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Radzhab Butaev stops Jamal James in nine, Jaron Ennis blasts Thomas Dulorme in one

Radzhab Butaev (right) vs. Jamal James. Photo credit: Esther Lin/Showtime
30
Oct

Radzhab Butaev cashed in this time around.

Nearly two years after he was robbed in his first high-profile opportunity against Alexander Besputin, the Russian-born Butaev beat the brakes off Jamal James and stopped him in the ninth round of their Showtime main event from Mandalay Bay Resort & Casino’s Michelob ULTRA Arena in Las Vegas.

The official time of the stoppage was 2:12 of the ninth round.

With the victory, Butaev (14-0, 11 knockouts) remained unbeaten and earned the right to potentially face WBA welterweight titleholder Yordenis Ugas. The Cuban beat James (27-2, 12 KOs), of Minneapolis, by unanimous decision in August 2016 and sent Manny Pacquiao into retirement last August.

“It’s a big first step. [It has] always been my dream to become a world champion,” Butaev stated through an interpreter. “I took the first step today and I’m very happy.”

James, who saw a seven-bout winning streak go by the wayside, was stopped for the first time in his 11-year pro career.

“I’m good. It wasn’t my night tonight. A big shout out to Butaev and to [Jaron ‘Boots’] Ennis. They did their thing tonight.”

The victory was sweet redemption for Butaev, who was jobbed in a November 2019 bout against Besputin when the Russian tested positive for Ligandrol, an SARM (selective androgen receptor modulator) that can stimulate muscle growth and is on the World Anti-Doping Association list of prohibited drugs. The bout, initially ruled a 12-round unanimous decision win for Besputin, was later changed to a no-contest, which also turned out to be an accurate description for Butaev-James.

James landed solid shots during the fight but the 27-year-old Butaev, who resides in Brooklyn, New York, was never hurt, walked through the flames and eventually knocked the carburetor out of James.

“I felt it could have ended a lot worse [for James]. I thought it was stopped at the right time. I thought James showed a lot of heart tonight.”

The keys to victory were the body shots. In Round 2, Butaev connected with thudding connects downstairs that left James visibly grimacing in pain. However James tried his best to keep his man at bay with the jab but Butaev, reminiscent of the T-14 Armata, just kept rolling on through.

James connected with a pair of solid uppercuts in Round 3. However Butaev fired back with solid shots of his own, one of which was landed behind the head, earning him a stern warning from referee Celestino Ruiz.

Radzhab Butaev (right) vs. Jamal James. Photo credit: Esther Lin/Showtime

Radzhab Butaev (right) vs. Jamal James. Photo credit: Esther Lin/Showtime

Both fighters clashed heads in the fourth round but James appeared to get the worst of it as he backed into the ropes, allowing Butaev to capitalize with a slew of hard shots to the head and the body.

Butaev hurt James with a right hook late in the fifth round but was deducted a point by Ruiz shortly thereafter but James turned around and put himself in that position.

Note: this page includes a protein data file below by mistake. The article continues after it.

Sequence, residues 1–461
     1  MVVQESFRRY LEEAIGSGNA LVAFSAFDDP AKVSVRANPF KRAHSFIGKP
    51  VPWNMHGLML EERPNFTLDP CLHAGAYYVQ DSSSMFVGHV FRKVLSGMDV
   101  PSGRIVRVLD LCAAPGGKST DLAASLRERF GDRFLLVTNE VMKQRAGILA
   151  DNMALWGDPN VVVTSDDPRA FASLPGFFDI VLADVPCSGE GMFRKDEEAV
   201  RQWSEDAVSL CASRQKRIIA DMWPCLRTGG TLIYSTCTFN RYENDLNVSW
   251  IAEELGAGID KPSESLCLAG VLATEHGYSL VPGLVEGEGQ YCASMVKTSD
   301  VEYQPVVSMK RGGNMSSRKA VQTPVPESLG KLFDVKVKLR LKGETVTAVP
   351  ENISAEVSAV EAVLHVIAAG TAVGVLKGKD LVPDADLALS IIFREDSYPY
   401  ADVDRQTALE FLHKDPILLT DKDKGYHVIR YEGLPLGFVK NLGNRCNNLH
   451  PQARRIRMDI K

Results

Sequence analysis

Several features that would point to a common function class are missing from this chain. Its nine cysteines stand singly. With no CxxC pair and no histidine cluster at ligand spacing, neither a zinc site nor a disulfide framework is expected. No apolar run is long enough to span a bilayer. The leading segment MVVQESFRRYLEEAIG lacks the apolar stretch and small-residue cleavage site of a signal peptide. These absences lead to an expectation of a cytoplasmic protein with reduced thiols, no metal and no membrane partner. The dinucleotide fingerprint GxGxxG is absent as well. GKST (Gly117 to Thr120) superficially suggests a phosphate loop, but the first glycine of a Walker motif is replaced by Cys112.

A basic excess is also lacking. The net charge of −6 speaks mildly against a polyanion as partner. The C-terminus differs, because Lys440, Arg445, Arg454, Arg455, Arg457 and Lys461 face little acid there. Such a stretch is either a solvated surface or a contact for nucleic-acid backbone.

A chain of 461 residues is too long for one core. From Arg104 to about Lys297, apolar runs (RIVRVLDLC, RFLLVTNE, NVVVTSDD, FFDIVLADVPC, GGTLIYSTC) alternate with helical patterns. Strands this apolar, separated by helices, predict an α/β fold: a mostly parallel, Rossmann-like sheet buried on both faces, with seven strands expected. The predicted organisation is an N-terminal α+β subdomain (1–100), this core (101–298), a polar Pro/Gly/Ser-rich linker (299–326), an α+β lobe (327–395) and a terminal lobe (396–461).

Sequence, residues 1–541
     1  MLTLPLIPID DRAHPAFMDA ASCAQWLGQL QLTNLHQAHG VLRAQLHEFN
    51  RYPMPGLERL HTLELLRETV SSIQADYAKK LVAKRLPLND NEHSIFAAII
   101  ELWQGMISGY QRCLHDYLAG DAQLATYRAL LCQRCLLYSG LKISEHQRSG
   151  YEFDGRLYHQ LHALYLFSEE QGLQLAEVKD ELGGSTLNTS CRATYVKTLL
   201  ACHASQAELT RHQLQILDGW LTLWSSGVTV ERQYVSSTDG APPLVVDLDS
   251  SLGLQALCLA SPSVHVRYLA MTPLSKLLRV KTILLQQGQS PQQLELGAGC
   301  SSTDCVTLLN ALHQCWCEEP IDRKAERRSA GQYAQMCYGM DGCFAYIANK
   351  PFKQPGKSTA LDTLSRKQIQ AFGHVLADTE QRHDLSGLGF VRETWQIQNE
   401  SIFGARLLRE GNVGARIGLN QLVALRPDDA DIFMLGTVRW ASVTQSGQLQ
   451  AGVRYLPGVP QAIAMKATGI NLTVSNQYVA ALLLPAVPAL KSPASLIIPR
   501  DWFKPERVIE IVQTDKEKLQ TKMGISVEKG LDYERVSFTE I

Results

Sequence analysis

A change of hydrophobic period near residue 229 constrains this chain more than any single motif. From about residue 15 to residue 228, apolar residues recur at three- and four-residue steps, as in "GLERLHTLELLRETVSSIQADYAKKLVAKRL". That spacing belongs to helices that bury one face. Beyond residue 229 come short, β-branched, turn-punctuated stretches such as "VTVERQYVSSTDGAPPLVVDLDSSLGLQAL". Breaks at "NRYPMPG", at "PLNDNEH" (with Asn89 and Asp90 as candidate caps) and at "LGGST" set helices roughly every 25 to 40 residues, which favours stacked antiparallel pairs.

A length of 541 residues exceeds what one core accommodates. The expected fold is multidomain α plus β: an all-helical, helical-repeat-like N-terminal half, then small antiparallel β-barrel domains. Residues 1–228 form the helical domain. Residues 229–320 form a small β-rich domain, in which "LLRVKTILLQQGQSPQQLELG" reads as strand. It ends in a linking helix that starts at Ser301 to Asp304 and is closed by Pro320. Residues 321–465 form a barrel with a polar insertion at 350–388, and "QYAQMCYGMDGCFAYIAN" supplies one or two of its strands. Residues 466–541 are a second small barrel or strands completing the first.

The brief break in the action was not enough to stop Butaev’s momentum as his success continued into the sixth frame, when he rocked James with yet another right hand.

Butaev returned to the body in the seventh frame and brutalized James’ ribs with an array of punches that forced him to reach into his reserve tank. However a second wind ultimately ceased due to the pressure from Butaev, who sent James into the ropes in Round 8 and attacked the body once more.

“We worked hard on switching up and did it in sparring and it worked, so we kept doing it,” Butaev added.

The ninth round was a one-sided abomination, which prompted Ruiz to stop the fight, to the chagrin of James and those in the crowd.

“I have nothing against the ref’s decision [to deduct a point],” Butaev stated. “I like to have a back-and-forth fight and I don’t like [the action to be stopped].

“I have an exciting style. [Ruiz] saw it the way he saw it. I have no problem with the stoppage.”

Undefeated welterweight Jaron “Boots” Ennis made an excellent case for why he will eventually usurp Canelo Alvarez’s position as the top pound-for-pound superstar.

In the chief support bout, Ennis annihilated former junior welterweight title challenger Thomas Dulorme in a first round destruction.

Jaron Ennis (left) vs. Thomas Dulorme. Photo credit: Esther Lin/Showtime

Jaron Ennis (left) vs. Thomas Dulorme. Photo credit: Esther Lin/Showtime

The 24-year-old took a huge step up in competition in April when he dominated and battered Sergey Lipinets. Ennis, ranked No. 7 at 147 pounds by The Ring, floored the former 140-pound titlist twice en route to a highlight-reel sixth round knockout. Saturday was no different as he dropped Dulorme twice in the opening round, once with a right hand near his left ear and again with a scintillating right hook/straight left-hand combo that sent the Puerto Rican down flat on his back.

In his prior 31 fights, Dulorme (25-6-1, 16 KOs) had only been stopped twice. Those defeats came at the hands of Luis Carlos Abregu and Terence Crawford.

Ennis (28-0, 26 KOs) made it look like child’s play.

“It was a good knockout,” he stated after the contest, “but you know me, I wanted to show my skills and ability but I couldn’t and I got a big knockout. Let’s get them big names. Let’s go.

“I’ve been ready [to fight for a world championship] two years ago. Let’s line them up – the top five guys. [Errol] Spence, Ugas, [Shawn] Porter, Crawford, Keith Thurman. Y’all know I’m coming. Philly in that building.”

On the undercard, unbeaten 135-pounder Michel Rivera (22-0, 14 KOs) shut out Jose Matias Romero (24-2, 8 KOs) over 10 rounds.

 

 

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